Dear PoPville – Part-time Jobs – Tutors and Substitute Teaching


Photo by PoPville flickr user sciascia

“Dear PoP,

I was hoping you and the PoPville community can help me. I’m a furloughed FAA employee (and a contractor at that, so no chance of back pay), and I could really use some part time work now that it looks like Congress is taking their recess without reauthorizing the FAA. I’ve previously worked in a daycare center, as a barista and as a writing tutor. Anyone looking for a babysitter/freelance writer with way too much free time?”

If interested, please email me and I’ll put you in touch with the OP.

and


Photo by PoPville flickr user Mr. T in DC

“Dear PoP,

I am currently working on my master’s degree in a non-education related field but I wanted to fill my spare time substituting at DC schools. Do you know any DC substitute teachers? I was doing some research online and the process seems quite convoluted. It looks like since I’m not from DC I will have to get an official FBI criminal background check which, according to the website, could take 18 weeks (Not to mention 18 dollars). The application fee to become a substitute teacher is 30 dollars, 15 dollars to get finger printed, 18 dollars to get a background check, and 20 dollars to acquire official transcripts. In case you’re mental calculator is offline for the day, that’s 83 dollars just to apply for a job! So if anyone out there could offer any advice that would be great! Is it worth going through the process to risk getting one or two assignments a month?”

Anyone have experience with becoming a substitute teacher in DC?

14 Comment

  • If you have a technical or science background I highly recommend getting in touch with Phelps HS in DC. I’m working with them and I know they can use help from people with science-y backgrounds.

    If you tour their campus, you’ll be amazed at their resources.

  • You might be better off applying to counties outside DC (if you have a car)

  • try private schools — fewer hoops.

  • The process actually sounds very similar to what it takes to get a job teaching in DCPS period. Charter Schools are another possibility, they usually have a smaller group of substitutes that they circulate through, and will have to run their own background checks, but still worth looking into.

  • MPD is now doing the live scan fingerprints at the Judiciary Square building. I went two weeks ago for a health professional license and it was only about $50 for local and FBI. The FBI does take a few weeks to come back. You might want to check out whether that is an option for you–I’m not sure how long they’ve been doing it, so it could be that it hasn’t been added to the DCPS website for that reason.
    I think whatever jurisdiction you end up in is going to require the background check, sorry to say. Best case scenario is if you can get the employer to pay it, but I wouldn’t count on it.

  • Shame on Congress for what they’re doing to the FAA workers.

  • TO both OP’s try local listservs…I always see requests for part-time including tutors. You could also post your request but maybe you’ve already done so.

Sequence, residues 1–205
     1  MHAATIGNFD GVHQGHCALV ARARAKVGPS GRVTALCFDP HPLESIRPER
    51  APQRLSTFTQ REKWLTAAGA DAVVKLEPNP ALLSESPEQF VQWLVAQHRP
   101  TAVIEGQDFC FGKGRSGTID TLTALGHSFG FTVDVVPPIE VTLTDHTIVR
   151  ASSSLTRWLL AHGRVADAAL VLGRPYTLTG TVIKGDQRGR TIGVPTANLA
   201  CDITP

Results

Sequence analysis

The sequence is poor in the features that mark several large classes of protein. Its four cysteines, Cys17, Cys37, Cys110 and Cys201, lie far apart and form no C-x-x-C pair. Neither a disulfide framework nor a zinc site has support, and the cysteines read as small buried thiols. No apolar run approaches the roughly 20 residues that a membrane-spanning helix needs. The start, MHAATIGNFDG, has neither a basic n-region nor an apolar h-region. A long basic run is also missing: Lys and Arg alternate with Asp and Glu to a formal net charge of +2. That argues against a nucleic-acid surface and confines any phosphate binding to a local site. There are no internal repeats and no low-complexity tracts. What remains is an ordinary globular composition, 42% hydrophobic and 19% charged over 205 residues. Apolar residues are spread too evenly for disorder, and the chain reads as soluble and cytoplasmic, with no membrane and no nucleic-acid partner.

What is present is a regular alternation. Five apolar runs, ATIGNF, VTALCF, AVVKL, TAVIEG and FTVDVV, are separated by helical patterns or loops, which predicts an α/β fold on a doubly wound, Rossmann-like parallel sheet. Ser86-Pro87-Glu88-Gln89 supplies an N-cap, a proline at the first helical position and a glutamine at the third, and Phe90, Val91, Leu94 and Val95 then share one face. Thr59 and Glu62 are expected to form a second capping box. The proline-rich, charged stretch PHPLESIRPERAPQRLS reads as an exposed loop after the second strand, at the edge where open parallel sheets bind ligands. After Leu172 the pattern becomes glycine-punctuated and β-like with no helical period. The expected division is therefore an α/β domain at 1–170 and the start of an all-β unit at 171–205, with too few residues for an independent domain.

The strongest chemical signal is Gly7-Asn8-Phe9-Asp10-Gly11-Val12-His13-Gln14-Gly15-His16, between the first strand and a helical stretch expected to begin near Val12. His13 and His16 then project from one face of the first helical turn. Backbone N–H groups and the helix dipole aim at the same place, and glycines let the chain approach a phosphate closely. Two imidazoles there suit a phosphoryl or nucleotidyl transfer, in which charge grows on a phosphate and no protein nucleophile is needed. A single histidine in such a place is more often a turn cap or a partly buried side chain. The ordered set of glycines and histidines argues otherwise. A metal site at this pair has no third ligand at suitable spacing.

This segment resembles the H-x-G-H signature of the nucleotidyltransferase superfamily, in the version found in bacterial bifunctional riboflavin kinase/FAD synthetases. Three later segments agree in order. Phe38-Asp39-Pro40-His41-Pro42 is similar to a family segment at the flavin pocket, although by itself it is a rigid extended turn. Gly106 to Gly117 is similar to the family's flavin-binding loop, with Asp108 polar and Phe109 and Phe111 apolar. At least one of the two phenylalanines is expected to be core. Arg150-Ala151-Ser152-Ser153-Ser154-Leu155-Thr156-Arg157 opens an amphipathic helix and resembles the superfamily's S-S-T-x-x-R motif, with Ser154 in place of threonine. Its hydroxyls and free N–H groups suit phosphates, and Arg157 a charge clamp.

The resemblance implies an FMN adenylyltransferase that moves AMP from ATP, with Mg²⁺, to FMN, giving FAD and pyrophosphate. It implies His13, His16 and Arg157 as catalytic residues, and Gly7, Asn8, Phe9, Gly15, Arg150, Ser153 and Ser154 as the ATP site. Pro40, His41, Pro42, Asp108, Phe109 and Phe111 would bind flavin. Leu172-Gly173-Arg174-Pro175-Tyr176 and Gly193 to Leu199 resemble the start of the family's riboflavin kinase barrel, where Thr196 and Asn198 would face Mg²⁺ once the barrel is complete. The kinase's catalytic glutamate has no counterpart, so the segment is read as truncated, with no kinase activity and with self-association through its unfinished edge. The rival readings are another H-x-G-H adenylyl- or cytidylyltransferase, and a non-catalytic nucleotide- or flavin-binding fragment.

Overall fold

On another note: Read this in the WaPo Reliable Source column….quote from Linda Evangelista (aka supermodel) about her job and why she needs a 24/7 hr. nanny….”On days when I’m not working I’m working on my image”.

    Hmmmmmm…..

  • Big enough coffee in that first photo?

  • Try craigslist.. There are always parents/companies looking for tutors, especially in math and science

  • Substitute teaching could become a nightmare if you plan on depending on it for money and if you have no background in education. A better idea (for the 2nd person) might be trying for a teaching assistant job NOW (schools are finalizing hiring). This would involve little responsibility in the classroom and significantly less stress than with substitute teaching. Good luck.

  • I am a DCPS teacher and was a sub about 5 years ago when the process was much easier. Your application fee will be paid for after one day. It is a decent gig if you find a school, or a few, that you like and get in with them. In my elementary school, we probably average 2 subs a week, so if you get in good with two schools then you could be working 3-4 days a week and have some flexibility. Word of warning-not all schools are the same, and you should certainly check them out and make sure you are comfortable with the type of school you are going to be working in, the neighborhood, and some activities/games in case you are left with limited plans.

  • The fingerprints and background checks are standard for anyone working with kids. Since I teach in Maryland, I had to do FBI, Maryland, and DOJ. Luckily, my private school employer reimbursed me for the fees.

    Another word to the wise: teaching is really hard and not always rewarding, and subbing is even harder and less rewarding still. I’m not sure what leads you to want to substitute, but good luck.

  • I’m the person that wrote about the substitute teaching. I don’t plan on depending on it for money because I know it’s not wise to depend on something so sporadic. I guess I’ll just bite the bullet and go through the process. Thanks for the advice. Oh, and to “anonymous”…I’ll check out Phelps HS.

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